“As a former Charleston County Council member and South Carolina State Representative, Congressman Scott is a shining example of what GOPAC aims to achieve. That is, developing a new generation of Republicans at the state and local level to become effective national leaders.

    “We are excited and encouraged by Congressman Scott’s appointment to the Senate and look forward to his continued leadership.”


  13. Brad Post author

    I felt a little bad today at Rotary, because after breaking the news to the people at my table, and hearing one of my friends said that would mean some good national publicity for SC, I said something cynical like, “Of course, it won’t mean a thing, any more than Nikki Haley being the ‘first Indian-American woman’ meant anything, in terms of the quality of governance or representation the people of South Carolina get.”

    I felt worse when in the course of doing Health and Happiness, Boyd Summer — former Richland County Democratic Party chair — recited the standard civic pieties about how wonderful the news was, and everyone dutifully applauded.

    Maybe my attitude was affected by the very first commentary I had seen on this appointment, about mid-morning, on Twitter. It was from Jamie Sanderson, a.k.a. @liberalinsc:

    “Sen. Tim Scott: The Tea Party Lawmaker Who Wanted To Impeach President Obama And Kick Kids Off Food Stamps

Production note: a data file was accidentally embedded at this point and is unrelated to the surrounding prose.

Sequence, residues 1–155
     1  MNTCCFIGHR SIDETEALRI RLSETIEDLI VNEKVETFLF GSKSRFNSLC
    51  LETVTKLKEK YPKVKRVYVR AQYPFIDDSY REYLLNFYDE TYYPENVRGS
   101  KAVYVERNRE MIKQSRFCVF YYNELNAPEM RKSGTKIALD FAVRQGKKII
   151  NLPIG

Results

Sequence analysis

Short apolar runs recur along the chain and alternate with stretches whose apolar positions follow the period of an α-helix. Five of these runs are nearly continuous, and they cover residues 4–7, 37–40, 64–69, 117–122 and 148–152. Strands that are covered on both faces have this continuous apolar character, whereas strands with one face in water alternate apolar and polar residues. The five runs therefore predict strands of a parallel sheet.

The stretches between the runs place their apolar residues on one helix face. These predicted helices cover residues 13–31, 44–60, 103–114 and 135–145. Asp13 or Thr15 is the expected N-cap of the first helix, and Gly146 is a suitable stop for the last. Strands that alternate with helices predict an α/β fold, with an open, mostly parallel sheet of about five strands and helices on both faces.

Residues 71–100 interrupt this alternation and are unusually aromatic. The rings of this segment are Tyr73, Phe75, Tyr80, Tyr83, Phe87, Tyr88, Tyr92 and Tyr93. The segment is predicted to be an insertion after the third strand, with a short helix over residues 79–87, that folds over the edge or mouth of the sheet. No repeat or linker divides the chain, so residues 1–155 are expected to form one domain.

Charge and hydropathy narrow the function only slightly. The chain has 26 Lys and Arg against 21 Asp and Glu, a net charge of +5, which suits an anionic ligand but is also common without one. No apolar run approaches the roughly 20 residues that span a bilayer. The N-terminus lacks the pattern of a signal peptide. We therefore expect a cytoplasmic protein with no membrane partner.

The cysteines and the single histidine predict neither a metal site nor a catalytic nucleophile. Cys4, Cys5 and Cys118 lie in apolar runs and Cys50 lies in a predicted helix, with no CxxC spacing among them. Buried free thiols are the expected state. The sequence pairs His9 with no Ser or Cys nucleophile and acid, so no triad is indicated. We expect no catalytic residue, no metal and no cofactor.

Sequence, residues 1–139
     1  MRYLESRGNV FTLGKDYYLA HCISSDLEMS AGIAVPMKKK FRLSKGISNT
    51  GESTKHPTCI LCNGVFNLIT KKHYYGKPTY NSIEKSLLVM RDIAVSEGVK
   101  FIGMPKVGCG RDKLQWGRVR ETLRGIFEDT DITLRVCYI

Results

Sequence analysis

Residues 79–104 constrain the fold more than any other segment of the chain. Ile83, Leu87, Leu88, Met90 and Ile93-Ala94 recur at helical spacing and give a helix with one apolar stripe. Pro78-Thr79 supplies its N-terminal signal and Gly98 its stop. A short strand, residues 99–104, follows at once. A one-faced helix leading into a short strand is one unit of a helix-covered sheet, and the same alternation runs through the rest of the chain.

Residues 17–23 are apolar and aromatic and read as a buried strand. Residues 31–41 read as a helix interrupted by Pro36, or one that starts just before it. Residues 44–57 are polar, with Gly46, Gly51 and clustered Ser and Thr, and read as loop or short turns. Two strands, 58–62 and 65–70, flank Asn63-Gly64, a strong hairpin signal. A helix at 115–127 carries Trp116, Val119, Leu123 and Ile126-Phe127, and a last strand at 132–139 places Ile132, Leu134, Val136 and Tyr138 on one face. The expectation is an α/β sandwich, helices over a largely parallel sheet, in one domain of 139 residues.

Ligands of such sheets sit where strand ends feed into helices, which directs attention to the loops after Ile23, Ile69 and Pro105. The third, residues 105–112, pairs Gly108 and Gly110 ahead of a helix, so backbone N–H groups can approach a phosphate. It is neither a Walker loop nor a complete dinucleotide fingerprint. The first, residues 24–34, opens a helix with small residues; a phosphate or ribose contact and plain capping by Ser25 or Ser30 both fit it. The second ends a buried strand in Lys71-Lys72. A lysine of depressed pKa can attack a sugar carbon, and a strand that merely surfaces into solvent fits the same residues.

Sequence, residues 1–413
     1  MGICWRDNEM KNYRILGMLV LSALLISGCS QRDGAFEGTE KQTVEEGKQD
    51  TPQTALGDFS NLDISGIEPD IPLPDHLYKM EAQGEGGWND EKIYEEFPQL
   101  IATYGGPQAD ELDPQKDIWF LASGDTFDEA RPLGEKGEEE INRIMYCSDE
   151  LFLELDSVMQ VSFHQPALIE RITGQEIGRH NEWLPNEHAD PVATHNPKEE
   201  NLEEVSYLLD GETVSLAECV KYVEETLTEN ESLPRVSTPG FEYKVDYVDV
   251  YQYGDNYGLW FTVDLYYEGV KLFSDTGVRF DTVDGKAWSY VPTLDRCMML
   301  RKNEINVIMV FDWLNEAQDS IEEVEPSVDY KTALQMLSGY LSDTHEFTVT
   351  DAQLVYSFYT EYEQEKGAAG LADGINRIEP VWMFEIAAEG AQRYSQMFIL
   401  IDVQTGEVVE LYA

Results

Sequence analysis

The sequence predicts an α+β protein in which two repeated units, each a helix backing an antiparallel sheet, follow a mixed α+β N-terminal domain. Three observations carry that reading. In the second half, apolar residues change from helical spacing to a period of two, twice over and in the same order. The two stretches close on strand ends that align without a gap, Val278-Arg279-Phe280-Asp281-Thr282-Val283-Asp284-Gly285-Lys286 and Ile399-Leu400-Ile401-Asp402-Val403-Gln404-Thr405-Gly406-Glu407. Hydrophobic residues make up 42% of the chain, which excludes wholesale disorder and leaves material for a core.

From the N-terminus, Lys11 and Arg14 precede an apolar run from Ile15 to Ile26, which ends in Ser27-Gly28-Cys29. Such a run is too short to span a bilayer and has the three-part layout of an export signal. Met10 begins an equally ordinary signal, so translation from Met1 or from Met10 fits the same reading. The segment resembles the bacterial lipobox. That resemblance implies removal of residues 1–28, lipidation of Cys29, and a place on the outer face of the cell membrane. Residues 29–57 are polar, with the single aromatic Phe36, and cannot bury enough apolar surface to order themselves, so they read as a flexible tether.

14. Brad Post author

    Being dismissive as I am when it comes to issues of Identity Politics, I always find it a bit awkward when I’m trapped into a situation in which someone expects me to say something about how thrilling the first this or that is.

    That happened to me on election night in 2010. I was in the studio at WIS, and someone asked me to comment on the “historic” election of a woman, an Indian-American woman, as governor.

    I’m pretty sure I held myself back from saying “Well, it would be a lot more exciting if SC had just elected its first Catholic, a Lebanese-American Catholic.” (That would be Vincent Sheheen, for those who don’t keep up with their identity politics.)

    I filibustered. I launched into a heart-warming story about Nikki overcoming some ethnic slurs that (she said, and I believed her) were flung at her during her first House election, and then ended it with something like, “And here we are today, with her elected governor.”

    I basically ran the clock down on that one, without having to enthuse.

  15. Kathryn Fenner

    It is ironic that the GOP is so obviously playing identity politics, as you annoyingly put it, though it is tokenism from where I stand. I thought they eschewed affirmative action?

    Tim Scott may be a very nice man, but there are plenty of more qualified options, particularly Henry.

  16. Brad Post author

    Sorry to be annoying. I just point out the truth. I mean seriously, would someone like to make the intellectual case for why I should be excited about the appointment of Tim Scott?

    I would think that ALL liberals and Democrats in South Carolina would have been permanently cured of believing such things matter after the election of Nikki Haley in 2010. She wholly adopted the language of Identity Politics, making her supposed overcoming of odds part of her shtick — when the truth is that her path to power was ridiculously easy, completely undemanding. She had nothing to overcome.